Because airfares change frequently every day, when you book your ticket is a huge factor in how much you'll end up paying. The variance can be $300 or more on a domestic round trip. So how can you tell when you should buy and when you should hold off? Two data-mining websites can help you calculate the odds that you're getting a good price.
FareCompare.com looks at historical prices for trips on 77,000 city pairs in the U.S. and Canada. Type in your flights, and up comes a "Fare Trend" chart that shows whether prices have been increasing, decreasing or staying steady. A four-star rating system shows how good a particular fare is compared with past prices on the date and route you've highlighted. By considering volatility, you can determine whether it makes sense to wait for a dip before booking. You can't make reservations at FareCompare.com, but you can click though to airline websites.
Farecast.com, one of PC World's 20 Most Innovative Products of 2007, uses roughly 100 variables to determine expected price changes for flights from more than 75 cities. Plug in your details, and you'll see four graphics: "fare indication," an arrow symbolizing rising, dropping or flat prices; "confidence," a percentage based on the site's track record for predictions on the flight you chose; "average fare change," a volatility measure; and a "buying tip," suggesting you either buy your ticket then or wait for a possible fare dip.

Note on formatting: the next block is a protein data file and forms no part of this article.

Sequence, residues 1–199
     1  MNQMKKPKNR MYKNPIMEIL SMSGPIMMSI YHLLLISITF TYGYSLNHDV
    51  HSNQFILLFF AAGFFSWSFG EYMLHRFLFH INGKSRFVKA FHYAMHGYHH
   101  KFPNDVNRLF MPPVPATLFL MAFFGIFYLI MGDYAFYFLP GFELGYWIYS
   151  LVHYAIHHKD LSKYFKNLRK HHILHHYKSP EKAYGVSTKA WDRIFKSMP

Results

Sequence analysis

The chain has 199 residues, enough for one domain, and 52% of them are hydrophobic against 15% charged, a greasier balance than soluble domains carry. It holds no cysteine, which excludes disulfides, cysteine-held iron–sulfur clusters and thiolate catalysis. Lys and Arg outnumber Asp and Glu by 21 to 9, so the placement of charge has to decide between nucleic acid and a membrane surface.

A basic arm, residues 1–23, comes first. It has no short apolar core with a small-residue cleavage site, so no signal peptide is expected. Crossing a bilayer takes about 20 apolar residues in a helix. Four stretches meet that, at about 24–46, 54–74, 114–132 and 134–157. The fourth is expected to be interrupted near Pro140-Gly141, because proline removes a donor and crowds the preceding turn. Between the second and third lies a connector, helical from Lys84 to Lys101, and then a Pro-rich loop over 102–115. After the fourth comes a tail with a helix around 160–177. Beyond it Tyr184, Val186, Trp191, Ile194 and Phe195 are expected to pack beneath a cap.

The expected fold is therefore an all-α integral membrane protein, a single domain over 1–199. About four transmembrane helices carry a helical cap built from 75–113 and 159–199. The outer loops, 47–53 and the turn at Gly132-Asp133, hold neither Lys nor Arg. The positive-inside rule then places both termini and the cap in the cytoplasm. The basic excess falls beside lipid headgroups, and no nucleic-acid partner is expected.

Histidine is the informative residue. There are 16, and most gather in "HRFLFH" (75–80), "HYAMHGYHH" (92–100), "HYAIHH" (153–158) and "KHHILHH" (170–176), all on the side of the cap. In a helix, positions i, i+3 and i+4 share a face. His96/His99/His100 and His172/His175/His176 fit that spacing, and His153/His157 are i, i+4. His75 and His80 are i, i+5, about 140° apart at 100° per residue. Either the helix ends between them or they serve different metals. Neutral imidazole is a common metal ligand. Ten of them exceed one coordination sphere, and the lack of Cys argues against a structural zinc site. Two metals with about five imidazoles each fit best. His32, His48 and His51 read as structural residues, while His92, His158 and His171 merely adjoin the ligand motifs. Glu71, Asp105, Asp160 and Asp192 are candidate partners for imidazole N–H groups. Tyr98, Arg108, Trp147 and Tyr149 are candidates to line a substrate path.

Also, consider using the site's Fare Guard feature. For $9.95, you can protect a fare for one week and receive daily e-mail updates to track the lowest fare. If the price drops after you book, you get a check for the difference.
Julie Moline is a freelance writer, editor and editorial consultant in New York City.